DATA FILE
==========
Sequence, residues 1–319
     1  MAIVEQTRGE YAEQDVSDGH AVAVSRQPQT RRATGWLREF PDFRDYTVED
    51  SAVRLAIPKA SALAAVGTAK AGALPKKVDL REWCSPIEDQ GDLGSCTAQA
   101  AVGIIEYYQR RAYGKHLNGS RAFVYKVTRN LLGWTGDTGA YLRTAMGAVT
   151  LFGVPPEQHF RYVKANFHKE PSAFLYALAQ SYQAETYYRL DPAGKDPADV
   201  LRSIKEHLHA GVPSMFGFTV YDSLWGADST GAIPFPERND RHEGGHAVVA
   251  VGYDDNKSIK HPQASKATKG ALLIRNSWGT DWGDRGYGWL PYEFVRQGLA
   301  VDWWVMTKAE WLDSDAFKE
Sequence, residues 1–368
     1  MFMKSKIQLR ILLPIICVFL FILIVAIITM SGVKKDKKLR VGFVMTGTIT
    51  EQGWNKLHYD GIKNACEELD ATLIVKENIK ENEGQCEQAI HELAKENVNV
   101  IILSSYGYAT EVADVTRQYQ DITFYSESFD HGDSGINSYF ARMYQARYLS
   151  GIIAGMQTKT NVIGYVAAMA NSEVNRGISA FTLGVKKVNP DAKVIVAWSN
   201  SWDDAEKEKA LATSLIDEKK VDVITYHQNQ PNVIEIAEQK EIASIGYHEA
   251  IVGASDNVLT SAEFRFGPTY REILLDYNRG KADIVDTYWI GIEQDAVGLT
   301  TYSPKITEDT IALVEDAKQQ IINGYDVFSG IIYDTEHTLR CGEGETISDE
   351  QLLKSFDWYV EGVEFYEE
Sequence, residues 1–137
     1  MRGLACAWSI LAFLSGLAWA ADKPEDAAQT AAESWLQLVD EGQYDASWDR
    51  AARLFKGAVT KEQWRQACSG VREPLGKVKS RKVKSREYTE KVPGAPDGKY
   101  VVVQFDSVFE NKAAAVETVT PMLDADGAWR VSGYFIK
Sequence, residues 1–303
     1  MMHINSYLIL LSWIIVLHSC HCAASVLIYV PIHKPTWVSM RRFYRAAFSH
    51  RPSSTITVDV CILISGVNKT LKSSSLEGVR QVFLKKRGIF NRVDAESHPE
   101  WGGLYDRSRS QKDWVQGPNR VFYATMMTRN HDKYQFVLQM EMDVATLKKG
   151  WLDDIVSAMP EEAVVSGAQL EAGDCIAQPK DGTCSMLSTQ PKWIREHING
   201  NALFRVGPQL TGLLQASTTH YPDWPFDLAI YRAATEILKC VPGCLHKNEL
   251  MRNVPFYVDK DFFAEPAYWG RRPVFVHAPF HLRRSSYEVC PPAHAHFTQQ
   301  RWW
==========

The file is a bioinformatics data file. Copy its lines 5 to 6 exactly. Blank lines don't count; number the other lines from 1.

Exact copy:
   151  LFGVPPEQHF RYVKANFHKE PSAFLYALAQ SYQAETYYRL DPAGKDPADV
   201  LRSIKEHLHA GVPSMFGFTV YDSLWGADST GAIPFPERND RHEGGHAVVA